Udaipur and Jaipur are about 400 kilometres away from each other. But in the context of the Congress, the two cities are nine years apart, both being venues of the current and previous Chintan Shivir (2013).
Between the Jaipur and Udaipur Chintan Shivirs, Delhi has become farther for the Congress both literally and from a political point of view.
There has been another crucial change on the Rahul Gandhi question in the Congress.
While Rahul Gandhi's rise was at the centre of the Jaipur Chintan Shivir, in Udaipur it is being played out in much more subtle ways.
A Tale of Two Events
In the Jaipur Chintan Shivir of January 2013, Rahul Gandhi was appointed as the vice-president of the party.
He was at that time one among many general secretaries of the Congress and became its sole vice-president, a position that had been mostly been vacant except for brief interludes. This made him the clear second-in-command to party President Sonia Gandhi.
Gandhi's ascension and his speech was the highlight of the entire Jaipur Chintan Shivir.
In contrast, nine years later in Udaipur, the leadership question or specifically the Rahul Gandhi question, isn't part of the agenda.
Though Gandhi has managed to get many of his loyalists included among the invitees, the Udaipur Chintan Shivir is essentially Sonia Gandhi's show. And this is something Rahul Gandhi's loyalists also admit.
"This is Sonia Gandhi's show. There's no doubt about it. Had this been Rahulji's show, the structure of the programme would have been very different," said a young party leader who has come down to Udaipur for the meet.
On being asked how it would have been different, the leader who is known to be close to Rahul Gandhi, said, "It would have been much more targeted. Maybe lesser people would have been involved."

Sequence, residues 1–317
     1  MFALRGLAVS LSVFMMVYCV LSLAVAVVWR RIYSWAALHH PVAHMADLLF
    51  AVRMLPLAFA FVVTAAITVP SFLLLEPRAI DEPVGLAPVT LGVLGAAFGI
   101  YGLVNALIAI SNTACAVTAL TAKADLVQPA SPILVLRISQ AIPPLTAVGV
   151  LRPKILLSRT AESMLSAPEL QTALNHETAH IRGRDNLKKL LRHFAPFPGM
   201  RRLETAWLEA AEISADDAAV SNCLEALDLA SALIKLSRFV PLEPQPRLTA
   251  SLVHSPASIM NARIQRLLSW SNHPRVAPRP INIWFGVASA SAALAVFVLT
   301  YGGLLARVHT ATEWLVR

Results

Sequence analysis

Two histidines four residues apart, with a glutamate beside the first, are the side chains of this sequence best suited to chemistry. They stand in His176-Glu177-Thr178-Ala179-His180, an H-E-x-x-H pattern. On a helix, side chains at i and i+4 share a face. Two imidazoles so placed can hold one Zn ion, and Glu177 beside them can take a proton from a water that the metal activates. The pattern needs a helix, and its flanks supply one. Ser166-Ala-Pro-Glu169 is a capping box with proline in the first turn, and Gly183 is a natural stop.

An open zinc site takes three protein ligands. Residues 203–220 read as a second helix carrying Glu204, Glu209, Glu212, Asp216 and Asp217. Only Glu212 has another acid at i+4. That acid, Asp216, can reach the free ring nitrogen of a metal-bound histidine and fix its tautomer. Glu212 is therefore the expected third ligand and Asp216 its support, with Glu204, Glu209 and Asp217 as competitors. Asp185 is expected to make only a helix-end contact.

The Tricky Question of Rahul Gandhi's Appointment
While the push for Rahul Gandhi's leadership may not be part of the agenda of the Chintan Shivir, it is certainly there in the backdrop.
This is evident from the manner in which Gandhi took the 12-hour train journey from Delhi to Udaipur and got down at several stations to meet party supporters who had gathered there to greet him.
Even though the leadership question has been left for the party polls later this year, the optics behind this mobilisation is clear: Rahul Gandhi remains the number one choice among party workers.
It is quite likely that in the closed door sessions within the Chintan Shivir, some of Gandhi's supporters could express their support for him to take over as party president.
The rise of this section is itself a legacy of the post-Jaipur developments in the party.
Rahul Gandhi's ascension has been a tricky issue since he joined politics in 2004. The demand for him to take up charge either in the party or in the United Progressive Alliance (UPA) government picked up momentum after 2009.
His then advisors believed that Gandhi should take up this responsibility "riding on the crest of victory."
Many feel, this could have been done after 2009 itself as Gandhi could partly be credited for the party's good showing in Uttar Pradesh. However, the 2009 national verdict was seen essentially as Dr Manmohan Singh's win.
The next milestone was the 2012 Uttar Pradesh Assembly election. Had the Congress done well, winning over 80 seats or so, it could have been considered Rahul's win. But the party fell below 30 and his moment never came.
Rahul's rise, of course, was inevitable – he became vice president in 2013 and president in 2017. But the crucial part of "riding the crest of victory," which could have given him unquestioned legitimacy both within and outside the party, never quite materialised except for a brief period between 2017-18.
It is because of this lack of electoral success that Gandhi's re-appointment as party president won't be without its complications.
The complication is reflected even in the mixed messaging coming out of the Chintan Shivir – with Gandhi getting rousing welcomes station after station even as the meet's real focus is on the party's agenda and not leadership.
The Contrast Between Jaipur & Udaipur
If one sets aside the Congress just for a moment, there is another important contrast between Jaipur and Udaipur.
The two kingdoms were on opposing sides during a very crucial period of Rajputana history – with the former being allied to the Mughals and the latter led by Maharana Pratap rebelling against Delhi.
It may be coincidental but the symbolism is telling – at Jaipur (2013), the Congress was a party firmly in power in Delhi. In Udaipur 2022, it needs to launch an all offensive against Delhi, if it has to keep its identity intact.